There are few richer collaborations in contemporary cinema between a director and their cinematographer than Paul Thomas Anderson and Robert Elswit. The pair worked together from Anderson’s debut, “Hard Eight,” all the way through “Inherent Vice,” with Elswit picking up a much-deserved Academy Award for their penultimate film together, “There Will Be Blood” (more on that later). In a recent episode of the “Light the Fuse” podcast, hosts Charles Hood and Playlister Drew Taylor share the second half of their interview with the director of photography, where he discusses his work on the “Mission: Impossible” films as well as his collaborations with Anderson. Cinephiles who loved the look of their pictures together will be heartbroken to hear that the chances of them working together in the future are slim.
READ MORE: Breakdown: Paul Thomas Anderson’s Cinematographer Robert Elswit
“God, I don’t know what it is anymore,” Elswit said about the process with Anderson. “It’s like a bad married couple. Unpleasant.” When Taylor asks if they’re going to get back together, the cinematographer responds, “I don’t know. Probably not. You know, it depends on how he feels. I would do it again . . .I didn’t enjoy myself on ‘Inherent Vice’ . . . It was a combination of me and Paul just not getting along, and I can be as immature as him.”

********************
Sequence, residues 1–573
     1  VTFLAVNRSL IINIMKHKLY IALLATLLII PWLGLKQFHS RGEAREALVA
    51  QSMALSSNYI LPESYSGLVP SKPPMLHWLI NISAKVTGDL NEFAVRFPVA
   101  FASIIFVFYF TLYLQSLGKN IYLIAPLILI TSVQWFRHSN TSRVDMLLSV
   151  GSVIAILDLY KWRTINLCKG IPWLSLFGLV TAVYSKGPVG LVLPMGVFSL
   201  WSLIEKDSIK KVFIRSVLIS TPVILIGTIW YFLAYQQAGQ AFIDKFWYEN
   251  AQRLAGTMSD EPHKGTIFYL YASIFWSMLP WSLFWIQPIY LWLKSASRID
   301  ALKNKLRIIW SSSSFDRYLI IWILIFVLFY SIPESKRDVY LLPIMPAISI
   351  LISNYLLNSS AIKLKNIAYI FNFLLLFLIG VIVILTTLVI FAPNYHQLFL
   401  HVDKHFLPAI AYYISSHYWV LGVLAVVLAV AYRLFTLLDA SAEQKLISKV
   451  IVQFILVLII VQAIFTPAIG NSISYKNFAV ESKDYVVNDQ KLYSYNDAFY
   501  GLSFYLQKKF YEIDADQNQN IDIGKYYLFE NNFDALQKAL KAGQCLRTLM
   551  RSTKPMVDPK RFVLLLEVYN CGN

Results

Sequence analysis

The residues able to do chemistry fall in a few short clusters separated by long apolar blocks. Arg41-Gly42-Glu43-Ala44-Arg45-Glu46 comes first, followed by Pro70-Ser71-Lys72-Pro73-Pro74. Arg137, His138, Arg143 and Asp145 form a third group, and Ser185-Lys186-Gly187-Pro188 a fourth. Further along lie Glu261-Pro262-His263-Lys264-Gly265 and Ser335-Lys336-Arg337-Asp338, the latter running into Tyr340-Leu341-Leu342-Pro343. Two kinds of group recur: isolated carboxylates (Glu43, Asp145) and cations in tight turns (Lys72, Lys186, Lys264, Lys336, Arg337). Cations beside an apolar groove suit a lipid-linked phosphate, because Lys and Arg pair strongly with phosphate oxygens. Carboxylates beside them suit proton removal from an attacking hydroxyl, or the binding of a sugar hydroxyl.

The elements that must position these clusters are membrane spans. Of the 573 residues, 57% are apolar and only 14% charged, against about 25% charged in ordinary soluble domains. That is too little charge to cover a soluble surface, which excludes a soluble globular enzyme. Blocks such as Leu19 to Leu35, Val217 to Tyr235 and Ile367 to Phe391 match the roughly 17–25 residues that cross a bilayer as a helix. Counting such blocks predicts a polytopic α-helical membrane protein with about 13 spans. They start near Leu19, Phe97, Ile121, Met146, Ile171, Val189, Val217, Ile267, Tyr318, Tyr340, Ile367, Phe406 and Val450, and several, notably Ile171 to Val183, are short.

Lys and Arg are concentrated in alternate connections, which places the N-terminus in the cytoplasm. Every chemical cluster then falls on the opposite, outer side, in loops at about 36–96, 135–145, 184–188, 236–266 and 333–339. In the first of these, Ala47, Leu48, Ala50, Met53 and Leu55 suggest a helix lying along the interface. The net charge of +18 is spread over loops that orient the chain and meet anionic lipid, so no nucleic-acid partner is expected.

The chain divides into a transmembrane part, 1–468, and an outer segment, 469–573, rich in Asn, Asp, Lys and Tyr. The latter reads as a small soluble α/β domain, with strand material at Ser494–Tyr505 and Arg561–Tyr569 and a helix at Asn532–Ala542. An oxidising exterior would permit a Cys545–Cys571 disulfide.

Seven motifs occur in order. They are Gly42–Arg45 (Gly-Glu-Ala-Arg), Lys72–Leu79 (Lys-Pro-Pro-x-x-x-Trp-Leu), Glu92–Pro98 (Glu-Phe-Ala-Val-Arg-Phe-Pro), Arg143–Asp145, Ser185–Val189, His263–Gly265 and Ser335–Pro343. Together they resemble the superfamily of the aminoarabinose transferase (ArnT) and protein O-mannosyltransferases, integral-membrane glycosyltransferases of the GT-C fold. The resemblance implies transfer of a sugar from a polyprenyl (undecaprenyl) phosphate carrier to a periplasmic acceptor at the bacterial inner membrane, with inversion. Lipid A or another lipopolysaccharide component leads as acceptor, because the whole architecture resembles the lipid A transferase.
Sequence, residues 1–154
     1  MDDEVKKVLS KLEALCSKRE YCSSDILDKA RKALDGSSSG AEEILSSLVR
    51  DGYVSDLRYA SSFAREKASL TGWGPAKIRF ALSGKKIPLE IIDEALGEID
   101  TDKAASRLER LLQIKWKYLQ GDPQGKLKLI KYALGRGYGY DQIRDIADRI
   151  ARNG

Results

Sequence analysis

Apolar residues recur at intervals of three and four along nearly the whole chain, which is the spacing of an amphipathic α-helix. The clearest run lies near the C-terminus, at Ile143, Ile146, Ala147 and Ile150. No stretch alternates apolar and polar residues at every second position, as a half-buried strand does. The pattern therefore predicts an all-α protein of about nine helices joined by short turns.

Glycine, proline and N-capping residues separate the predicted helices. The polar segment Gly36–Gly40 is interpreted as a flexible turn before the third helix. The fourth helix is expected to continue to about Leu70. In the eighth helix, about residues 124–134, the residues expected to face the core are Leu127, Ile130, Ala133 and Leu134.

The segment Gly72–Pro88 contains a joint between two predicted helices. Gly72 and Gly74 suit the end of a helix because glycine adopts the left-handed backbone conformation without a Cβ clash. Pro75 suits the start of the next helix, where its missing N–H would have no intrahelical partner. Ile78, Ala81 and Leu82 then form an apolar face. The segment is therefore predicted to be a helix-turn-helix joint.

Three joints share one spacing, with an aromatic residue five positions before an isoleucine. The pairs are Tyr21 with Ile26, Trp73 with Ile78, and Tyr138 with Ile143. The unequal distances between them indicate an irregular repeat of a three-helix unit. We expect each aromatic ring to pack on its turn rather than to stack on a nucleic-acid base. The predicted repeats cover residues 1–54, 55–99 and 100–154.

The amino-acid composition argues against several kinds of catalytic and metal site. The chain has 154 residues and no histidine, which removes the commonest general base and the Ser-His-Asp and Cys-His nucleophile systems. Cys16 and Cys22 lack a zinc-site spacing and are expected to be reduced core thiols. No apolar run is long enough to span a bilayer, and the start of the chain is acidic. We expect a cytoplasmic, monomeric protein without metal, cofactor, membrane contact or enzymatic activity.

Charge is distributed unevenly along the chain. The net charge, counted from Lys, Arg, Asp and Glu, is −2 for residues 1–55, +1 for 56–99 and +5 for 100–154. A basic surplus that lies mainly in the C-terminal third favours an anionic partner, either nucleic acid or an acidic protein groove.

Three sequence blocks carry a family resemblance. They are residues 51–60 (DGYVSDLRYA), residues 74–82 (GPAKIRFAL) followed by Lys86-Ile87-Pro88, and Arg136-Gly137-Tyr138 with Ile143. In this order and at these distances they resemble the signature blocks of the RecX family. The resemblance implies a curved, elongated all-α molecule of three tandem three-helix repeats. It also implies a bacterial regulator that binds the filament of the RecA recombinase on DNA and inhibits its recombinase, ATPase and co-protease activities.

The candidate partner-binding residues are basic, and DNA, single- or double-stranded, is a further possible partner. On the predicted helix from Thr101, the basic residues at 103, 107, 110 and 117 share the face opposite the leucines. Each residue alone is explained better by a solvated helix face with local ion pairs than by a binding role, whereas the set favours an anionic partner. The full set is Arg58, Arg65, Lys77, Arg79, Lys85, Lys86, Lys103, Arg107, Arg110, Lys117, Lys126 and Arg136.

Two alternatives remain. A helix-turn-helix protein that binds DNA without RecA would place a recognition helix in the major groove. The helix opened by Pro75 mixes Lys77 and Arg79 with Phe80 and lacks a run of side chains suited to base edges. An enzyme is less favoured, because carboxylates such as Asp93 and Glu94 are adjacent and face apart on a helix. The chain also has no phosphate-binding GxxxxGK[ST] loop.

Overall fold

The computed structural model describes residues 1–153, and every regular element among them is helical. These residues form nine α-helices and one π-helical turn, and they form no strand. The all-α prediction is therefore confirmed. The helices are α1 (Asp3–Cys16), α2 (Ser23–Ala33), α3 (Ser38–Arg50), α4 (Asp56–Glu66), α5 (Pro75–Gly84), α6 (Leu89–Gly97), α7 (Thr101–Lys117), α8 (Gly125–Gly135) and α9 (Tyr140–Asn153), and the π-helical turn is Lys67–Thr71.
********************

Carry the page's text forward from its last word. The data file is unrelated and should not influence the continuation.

We’ve got our fingers crossed that these two can make it work in the future (couples counseling, perhaps?), but since “Inherent Vice,” Elswit has worked with other strong filmmakers including Christopher McQuarrie, George Clooney and Dan Gilroy. Though there are some great films in that list, particularly “Mission: Impossible: Rogue Nation” and “Nightcrawler,” none of them led to an Oscar win, like he earned with Anderson on “There Will Be Blood.”
READ MORE: How Cinematography Tells The Darkening Character Story In ‘Nightcrawler’
“I never saw the movie as an audience sees the movie,” Elswit says in the interview. “You know, when you’re doing post, you’re sitting there and you’re watching edits, or you go to the lab and you’re looking at the movie. And you’re constantly watching it for what your work is at that moment, whether you’re timing it. It’s like you never enjoy the movie. You don’t sit back and forget about you and see it the way an audience sees it. ”
But a screening at London’s The Roundhouse with a live orchestra, including the film’s composer Jonny Greenwood on second violin, gave him new eyes on the final results.
READ MORE: Paul Thomas Anderson Gave John Krasinski The Best Life Lesson
“I sat there and for the first time–after about three glasses of wine–I’d forgotten, I was just watching the movie,” he explains. “For the first time, I was really reacting to stuff that I’d forgotten and then I was a little overwhelmed by it, in a way that I didn’t expect. I was moved by it, shocked by it. It had an enormous impact on me…At the end, half drunk, the lights come up . . . and I go, ‘You know what, I really did deserve the fucking Academy Award,’ and I’d never felt that before.”
Listen to the rest of the “Light the Fuse” podcast episode for more of Elswit’s refreshing honesty about his experiences.